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All posts for the month May, 2011

The Tower

Published May 25, 2011 by Michael C Leeson

Built brick by brick over time to keep me safe from hate

No door to ensure control of perceived treats no entry, no escape.

One barred window to look out from on the world

Sanctuary or prison for my soul

I see the world but it cannot see me

I feel safe but am afraid

I have control but at what cost

Oh to be free from my prison

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Bible

Published May 23, 2011 by Michael C Leeson

It is not the word of God that concerns me but its interpretation by humyns, in prosecuting their creed of hate. I freely acknowledge the Bible is both a tool for good and hate it enshrines core humanistic values and beliefs, while Haters draw on phrases often quoted out of context to justify their ignorance. This bastardisation of the message frames a campaign to persecute and discriminate against people who do not conform to their narrow vision of humanity including those who identify as LGBTIQ. The most infuriating of all Haters are those who quote the Bible chapter and verse or draw on a loose thematic analysis to qualify their position.

It seems futile to enter into a conversation where the topic is about a belief system mired in the superstitious  thinking of an Iron Age Middle Eastern tribal culture. However, do not be dissuaded from initiating such a conversation but be warned, our strength is to ask questions, to challenge the narrow worldview of the ignorant and naive. Our weakness is the deep wound of rejection we all feel as an individual and collectively as marginalised people, this emotion often appears as anger and may impair our ability to express ourselves in any conversation. It is about managing our weakness, in drawing on our strengths to promote learning in seeking understanding and combating ignorance.

Motivation

Religion and Sex QuizNicholas D. Kristof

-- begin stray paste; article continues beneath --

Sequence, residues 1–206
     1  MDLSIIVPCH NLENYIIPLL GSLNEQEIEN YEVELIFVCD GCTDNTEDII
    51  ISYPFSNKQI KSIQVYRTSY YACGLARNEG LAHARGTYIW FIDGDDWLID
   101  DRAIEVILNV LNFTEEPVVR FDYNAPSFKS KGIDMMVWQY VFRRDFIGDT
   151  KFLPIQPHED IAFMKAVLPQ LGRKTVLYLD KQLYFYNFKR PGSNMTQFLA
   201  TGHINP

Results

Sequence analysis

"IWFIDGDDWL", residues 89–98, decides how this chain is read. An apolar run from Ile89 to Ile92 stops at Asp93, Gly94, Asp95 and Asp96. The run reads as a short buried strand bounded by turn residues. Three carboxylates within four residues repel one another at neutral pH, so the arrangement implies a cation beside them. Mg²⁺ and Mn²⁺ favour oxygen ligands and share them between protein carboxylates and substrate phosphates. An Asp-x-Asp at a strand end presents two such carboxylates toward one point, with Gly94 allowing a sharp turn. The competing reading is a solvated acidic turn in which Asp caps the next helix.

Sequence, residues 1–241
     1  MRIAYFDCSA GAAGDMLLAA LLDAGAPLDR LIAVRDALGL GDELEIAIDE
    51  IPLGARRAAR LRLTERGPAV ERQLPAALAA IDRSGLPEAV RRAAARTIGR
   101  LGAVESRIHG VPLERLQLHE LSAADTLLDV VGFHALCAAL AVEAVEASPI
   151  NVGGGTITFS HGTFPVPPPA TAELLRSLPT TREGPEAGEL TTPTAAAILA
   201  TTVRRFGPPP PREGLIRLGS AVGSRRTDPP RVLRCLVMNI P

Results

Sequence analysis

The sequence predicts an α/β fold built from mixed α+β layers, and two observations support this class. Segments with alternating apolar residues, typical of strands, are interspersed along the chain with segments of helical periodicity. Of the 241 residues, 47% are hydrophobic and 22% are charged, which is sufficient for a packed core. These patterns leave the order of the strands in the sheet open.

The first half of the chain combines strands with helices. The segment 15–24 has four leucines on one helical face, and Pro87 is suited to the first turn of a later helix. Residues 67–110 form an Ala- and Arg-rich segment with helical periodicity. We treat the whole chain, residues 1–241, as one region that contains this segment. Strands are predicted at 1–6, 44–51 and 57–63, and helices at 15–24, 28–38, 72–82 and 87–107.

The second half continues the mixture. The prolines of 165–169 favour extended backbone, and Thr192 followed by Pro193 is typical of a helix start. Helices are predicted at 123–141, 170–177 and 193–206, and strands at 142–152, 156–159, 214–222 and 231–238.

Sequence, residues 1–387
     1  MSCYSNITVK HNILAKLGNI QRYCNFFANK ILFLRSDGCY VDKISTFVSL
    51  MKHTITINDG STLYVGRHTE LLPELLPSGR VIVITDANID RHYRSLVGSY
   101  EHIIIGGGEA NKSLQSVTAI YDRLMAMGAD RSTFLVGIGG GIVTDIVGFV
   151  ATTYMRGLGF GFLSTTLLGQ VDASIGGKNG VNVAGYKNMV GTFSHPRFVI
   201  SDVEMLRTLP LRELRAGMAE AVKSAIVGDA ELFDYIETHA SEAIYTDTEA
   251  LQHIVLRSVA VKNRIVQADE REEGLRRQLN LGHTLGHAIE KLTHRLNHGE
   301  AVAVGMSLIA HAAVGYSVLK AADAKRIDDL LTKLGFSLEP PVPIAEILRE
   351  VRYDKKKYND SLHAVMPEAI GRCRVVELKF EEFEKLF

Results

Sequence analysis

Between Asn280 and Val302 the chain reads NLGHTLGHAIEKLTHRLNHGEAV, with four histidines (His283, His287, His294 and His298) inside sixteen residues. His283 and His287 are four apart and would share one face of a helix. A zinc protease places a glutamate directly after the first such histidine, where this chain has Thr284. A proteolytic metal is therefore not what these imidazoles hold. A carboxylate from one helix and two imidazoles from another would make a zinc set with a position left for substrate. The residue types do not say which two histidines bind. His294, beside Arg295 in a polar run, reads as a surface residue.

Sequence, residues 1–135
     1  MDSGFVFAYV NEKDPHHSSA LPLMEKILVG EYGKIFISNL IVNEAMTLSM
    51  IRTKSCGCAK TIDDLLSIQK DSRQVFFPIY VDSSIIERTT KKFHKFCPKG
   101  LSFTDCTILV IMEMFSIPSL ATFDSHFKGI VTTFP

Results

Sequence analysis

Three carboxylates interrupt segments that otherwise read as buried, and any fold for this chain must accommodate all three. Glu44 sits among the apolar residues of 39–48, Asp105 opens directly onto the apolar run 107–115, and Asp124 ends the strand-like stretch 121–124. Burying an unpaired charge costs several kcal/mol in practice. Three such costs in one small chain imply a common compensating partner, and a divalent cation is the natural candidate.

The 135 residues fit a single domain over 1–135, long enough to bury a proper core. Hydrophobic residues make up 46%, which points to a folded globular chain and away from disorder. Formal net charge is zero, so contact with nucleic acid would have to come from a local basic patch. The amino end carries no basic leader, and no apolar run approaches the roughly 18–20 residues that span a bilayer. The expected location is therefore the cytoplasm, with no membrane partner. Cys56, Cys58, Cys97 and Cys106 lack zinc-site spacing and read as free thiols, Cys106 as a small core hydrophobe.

Mollie Hemingway, Ed.: Nick Kristof Proof Texts The Bible – Ricochet  Benzinga Contributor

Critical Decade

Published May 23, 2011 by Michael C Leeson

Climate change

Today, Australia’s Climate Commission  added another chapter to the climate change debate in Australia with its release of The Critical Decade report.  The commission reiterates a message for urgent rather than real action it seems the political dithering over this issue during the past decade has not put us in a good place.  After a decade or more of indecision, this debate has degenerated into a farce reflecting a limited vision dominated by ideological driven partisanship. The narrow vision of this debate sees participants focus more on short-term political gains rather than long-term sustainability, a case of rhetoric over substance. The question here is not whether climate change is real or not, but how to manage effectively the risk.

The message here is clear get on with the job.

The Critical Decade report

Key message (PDF 307kb)

  1. There is no doubt that the climate is changing the evidence is overwhelming and clear
  2. We are already seeing the social, economic and environmental impacts of a changing climate.

Full Report (PDF 8mb)

Political positions on environmental issues

Labor  Liberal Greens

News

Climate report affirms need to ‘get on with it’